You’ve probably never heard of Ovshinsky, but every day, you probably use at least one product he invented. Like what? The nickel-metal hydride battery, used in digital cameras, cell phones, laptop computers, and hybrid cars. Ultra-thin LCD displays, used in flat panel TVs. The rewriteable CD and DVD disk. “Phase-change” memory chips that don’t need power to keep their data. Thin-film solar panels that can be so cheaply produced, they come in rolls. In all, he was awarded more than 400 patents. “I’ve known great people, having been at the University of Chicago for over 40 years,” said physicist Hellmut Fritzsche, who sometimes worked as a consultant for Ovshinsky’s company, “and I consider Stan Ovshinsky the only genius I ever met.”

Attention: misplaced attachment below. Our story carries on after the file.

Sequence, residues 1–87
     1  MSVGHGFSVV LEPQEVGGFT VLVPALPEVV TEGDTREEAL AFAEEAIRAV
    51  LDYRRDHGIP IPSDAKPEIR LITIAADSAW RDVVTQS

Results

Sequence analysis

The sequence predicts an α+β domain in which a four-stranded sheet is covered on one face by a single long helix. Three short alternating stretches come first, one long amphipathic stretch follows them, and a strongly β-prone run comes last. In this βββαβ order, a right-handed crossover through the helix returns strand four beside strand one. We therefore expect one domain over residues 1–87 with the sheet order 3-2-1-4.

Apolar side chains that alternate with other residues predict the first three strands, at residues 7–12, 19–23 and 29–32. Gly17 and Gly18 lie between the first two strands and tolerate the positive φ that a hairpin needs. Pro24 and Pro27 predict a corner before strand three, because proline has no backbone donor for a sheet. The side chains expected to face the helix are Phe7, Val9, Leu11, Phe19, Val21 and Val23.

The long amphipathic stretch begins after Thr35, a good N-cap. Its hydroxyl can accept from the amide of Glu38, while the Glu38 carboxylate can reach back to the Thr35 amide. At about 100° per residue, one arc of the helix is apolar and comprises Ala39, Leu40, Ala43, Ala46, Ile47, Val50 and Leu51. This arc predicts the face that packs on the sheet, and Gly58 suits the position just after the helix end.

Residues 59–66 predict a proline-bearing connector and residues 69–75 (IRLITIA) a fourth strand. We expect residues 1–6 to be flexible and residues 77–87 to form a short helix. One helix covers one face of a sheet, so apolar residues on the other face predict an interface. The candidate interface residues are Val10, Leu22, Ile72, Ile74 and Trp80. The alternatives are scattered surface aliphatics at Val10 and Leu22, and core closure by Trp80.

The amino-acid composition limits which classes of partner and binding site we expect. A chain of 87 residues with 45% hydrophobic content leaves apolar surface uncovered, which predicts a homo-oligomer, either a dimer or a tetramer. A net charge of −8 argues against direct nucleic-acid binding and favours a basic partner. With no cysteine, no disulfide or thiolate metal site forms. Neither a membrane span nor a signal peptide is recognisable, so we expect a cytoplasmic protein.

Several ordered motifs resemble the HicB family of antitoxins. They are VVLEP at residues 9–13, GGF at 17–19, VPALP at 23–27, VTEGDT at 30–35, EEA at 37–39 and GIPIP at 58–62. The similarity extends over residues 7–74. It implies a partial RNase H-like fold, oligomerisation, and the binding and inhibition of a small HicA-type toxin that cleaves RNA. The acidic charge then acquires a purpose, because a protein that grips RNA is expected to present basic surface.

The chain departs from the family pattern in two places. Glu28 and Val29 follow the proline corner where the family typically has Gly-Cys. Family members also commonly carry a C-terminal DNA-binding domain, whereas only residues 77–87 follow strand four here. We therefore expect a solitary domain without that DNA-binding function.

Ovshinsky first came to prominence in 1968, when he proved that glass could conduct electricity, and argued that glass semiconductors would one day not only be feasible, but cheaper than those based on silicon. Other scientists scoffed, but such devices are a reality now (The field is called Ovonics — a contraction of Ovshinsky and electronics). All this, and he was completely self-taught: he learned everything he knew by himself, starting with reading everything he could find of interest in his home town library, in Akron, Ohio. “His teachers didn’t understand him, but his librarian did,” his son said. “The librarian let him take out adult books without questioning or challenging him. He was tireless in his curiosity.” His study of the brain, for instance, led to his work on semiconductors and electronic memory. He died October 17 from prostate cancer, at 89.